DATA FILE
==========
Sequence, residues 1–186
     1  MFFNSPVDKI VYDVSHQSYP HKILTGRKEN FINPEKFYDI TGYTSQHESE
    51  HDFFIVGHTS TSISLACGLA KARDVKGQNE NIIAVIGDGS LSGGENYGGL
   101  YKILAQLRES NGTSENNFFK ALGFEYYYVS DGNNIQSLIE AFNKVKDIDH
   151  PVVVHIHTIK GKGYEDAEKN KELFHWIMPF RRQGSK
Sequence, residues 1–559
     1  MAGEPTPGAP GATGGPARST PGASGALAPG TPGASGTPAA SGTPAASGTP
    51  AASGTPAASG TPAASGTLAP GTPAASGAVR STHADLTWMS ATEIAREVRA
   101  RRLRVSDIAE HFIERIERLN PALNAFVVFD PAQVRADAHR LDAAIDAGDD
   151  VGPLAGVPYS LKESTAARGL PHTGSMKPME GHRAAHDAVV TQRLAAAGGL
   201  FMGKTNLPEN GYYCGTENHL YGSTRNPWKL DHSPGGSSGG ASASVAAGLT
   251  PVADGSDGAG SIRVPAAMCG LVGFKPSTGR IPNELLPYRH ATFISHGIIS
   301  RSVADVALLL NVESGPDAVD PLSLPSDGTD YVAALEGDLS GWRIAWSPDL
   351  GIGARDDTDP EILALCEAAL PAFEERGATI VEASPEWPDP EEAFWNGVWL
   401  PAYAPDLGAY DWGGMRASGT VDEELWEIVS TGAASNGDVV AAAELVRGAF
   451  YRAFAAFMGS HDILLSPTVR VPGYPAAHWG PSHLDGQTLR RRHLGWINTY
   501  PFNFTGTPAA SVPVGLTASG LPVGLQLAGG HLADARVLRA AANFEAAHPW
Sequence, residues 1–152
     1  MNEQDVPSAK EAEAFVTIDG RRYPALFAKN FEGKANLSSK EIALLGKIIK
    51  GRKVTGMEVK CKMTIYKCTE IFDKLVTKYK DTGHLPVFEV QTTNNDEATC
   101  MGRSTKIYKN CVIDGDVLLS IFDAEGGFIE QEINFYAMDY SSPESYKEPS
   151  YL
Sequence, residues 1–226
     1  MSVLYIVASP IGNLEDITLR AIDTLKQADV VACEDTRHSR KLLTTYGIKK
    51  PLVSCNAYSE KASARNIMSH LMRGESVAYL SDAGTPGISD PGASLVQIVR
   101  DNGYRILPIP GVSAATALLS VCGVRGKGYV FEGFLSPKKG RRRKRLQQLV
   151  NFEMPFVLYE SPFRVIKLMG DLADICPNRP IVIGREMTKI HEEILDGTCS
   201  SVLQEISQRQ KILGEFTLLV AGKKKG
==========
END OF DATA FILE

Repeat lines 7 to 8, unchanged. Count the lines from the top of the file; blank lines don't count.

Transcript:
     1  MAGEPTPGAP GATGGPARST PGASGALAPG TPGASGTPAA SGTPAASGTP
    51  AASGTPAASG TPAASGTLAP GTPAASGAVR STHADLTWMS ATEIAREVRA